From a user workstation, we can pull up the default website on the web server, thanks to firewall rule 1 allowing inbound HTTP traffic from “any” source. So far so good.
Let’s try to ping it from the same workstation…no dice, and as expected, since ICMP is not allowed anywhere in the rule set “Web Tier” (rules 1 through 4).
Now let’s try the same tests from the app server itself…wait – that’s strange…both ICMP and SMB traffic is allowed from the app tier to the web tier, even though there are no rules applying to the security group containing the web server which specifically allows that traffic in. Is such a thing even possible?
Let’s use the “Apply Filter” option in the Distributed Firewall to determine which rule(s) are to blame. I specified the “Source” as the app VM, the “Destination” as the web VM, changed the action to “Allow” (this could also be handy to see what rule was blocking traffic you thought should be allowed by choosing the “Block” option), and then selected ICMP as the “Protocol”.
And now we can see that Rule 1038 that allows the Security Group containing the app VM to send ICMP traffic to “any” destination has matched the filter.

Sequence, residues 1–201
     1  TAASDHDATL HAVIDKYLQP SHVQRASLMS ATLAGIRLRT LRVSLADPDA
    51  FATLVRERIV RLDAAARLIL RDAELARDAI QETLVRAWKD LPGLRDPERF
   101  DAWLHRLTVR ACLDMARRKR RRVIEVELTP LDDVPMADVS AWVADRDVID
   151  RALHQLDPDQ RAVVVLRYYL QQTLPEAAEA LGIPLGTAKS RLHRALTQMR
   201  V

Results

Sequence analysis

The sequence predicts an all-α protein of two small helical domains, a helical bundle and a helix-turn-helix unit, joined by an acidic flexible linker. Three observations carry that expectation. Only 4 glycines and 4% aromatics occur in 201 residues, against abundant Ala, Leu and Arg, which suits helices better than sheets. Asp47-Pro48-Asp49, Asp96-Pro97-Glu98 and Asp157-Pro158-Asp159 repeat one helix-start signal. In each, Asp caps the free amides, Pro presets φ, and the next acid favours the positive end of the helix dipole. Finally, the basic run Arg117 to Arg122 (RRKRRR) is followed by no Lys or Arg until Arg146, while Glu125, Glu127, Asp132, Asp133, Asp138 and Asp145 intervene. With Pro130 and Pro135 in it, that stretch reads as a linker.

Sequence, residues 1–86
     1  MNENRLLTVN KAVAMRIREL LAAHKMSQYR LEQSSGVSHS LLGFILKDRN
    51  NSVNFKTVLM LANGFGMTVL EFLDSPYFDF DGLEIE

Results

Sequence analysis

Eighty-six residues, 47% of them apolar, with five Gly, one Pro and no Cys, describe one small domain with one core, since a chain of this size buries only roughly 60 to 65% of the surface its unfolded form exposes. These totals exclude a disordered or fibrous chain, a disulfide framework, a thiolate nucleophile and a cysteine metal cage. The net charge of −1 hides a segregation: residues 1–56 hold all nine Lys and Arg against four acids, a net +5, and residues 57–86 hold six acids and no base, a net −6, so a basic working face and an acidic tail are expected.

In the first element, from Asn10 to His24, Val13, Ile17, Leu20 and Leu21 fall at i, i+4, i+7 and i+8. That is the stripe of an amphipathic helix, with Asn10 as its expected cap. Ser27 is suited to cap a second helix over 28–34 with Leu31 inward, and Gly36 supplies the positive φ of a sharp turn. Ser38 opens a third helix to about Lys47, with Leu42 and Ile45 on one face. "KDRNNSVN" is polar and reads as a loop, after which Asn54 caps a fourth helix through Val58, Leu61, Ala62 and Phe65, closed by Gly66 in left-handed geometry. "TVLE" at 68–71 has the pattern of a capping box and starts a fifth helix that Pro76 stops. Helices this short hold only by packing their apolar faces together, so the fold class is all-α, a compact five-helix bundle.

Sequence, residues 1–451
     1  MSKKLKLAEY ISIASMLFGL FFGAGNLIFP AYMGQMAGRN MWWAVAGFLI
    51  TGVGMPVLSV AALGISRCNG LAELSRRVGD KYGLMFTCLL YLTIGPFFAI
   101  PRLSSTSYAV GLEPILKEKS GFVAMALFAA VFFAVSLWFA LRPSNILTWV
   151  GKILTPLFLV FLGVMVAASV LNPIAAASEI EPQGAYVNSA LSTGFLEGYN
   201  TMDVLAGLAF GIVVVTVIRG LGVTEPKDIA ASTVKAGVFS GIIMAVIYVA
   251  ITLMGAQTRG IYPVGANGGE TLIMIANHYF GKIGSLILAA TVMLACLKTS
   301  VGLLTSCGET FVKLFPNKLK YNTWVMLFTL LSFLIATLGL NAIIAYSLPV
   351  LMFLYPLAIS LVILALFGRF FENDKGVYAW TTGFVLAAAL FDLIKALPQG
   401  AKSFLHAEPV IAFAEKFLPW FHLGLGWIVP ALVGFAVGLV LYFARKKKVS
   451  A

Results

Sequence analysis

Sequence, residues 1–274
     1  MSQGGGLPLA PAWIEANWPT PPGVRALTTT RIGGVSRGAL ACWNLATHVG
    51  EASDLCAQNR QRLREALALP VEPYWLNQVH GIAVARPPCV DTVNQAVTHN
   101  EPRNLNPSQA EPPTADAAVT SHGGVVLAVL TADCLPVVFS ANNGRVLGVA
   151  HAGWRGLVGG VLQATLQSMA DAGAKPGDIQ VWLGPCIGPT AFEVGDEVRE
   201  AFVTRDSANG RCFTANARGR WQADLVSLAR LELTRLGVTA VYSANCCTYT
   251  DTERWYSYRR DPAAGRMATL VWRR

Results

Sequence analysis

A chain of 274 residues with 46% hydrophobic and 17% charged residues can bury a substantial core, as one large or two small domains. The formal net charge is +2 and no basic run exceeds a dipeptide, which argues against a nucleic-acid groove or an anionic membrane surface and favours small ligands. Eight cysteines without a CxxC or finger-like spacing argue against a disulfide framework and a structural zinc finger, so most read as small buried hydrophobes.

When I think of firewall rules in the “traditional” manner, I would expect allowing outbound ICMP from our application server to a destination of “any” wouldn’t also imply that ALL VM’s in my NSX environment should also allow that traffic inbound. The whole point of “zero trust” and “default deny” is that unless traffic is explicitly allowed, it should be denied. Perhaps to someone who comes from a network/security background and has used many different firewalls, this would be seen as expected behavior in certain scenarios – but that is not intuitive to this virtualization guy.
In a nutshell, there are a couple things in play here…
- Scoping matters. By selecting a destination of “Any”, NSX truly means ANY. Even though you may not have allowed a particular traffic type inbound on some unrelated system, because we have this “Any” rule, our application server can talk to it over that protocol. I can see this being particularly problematic in a multi tenant environment, or maybe some kind of PCI environment where you have to prove a definitive dividing line between different systems. One improperly scoped rule later and you have unintended consequences.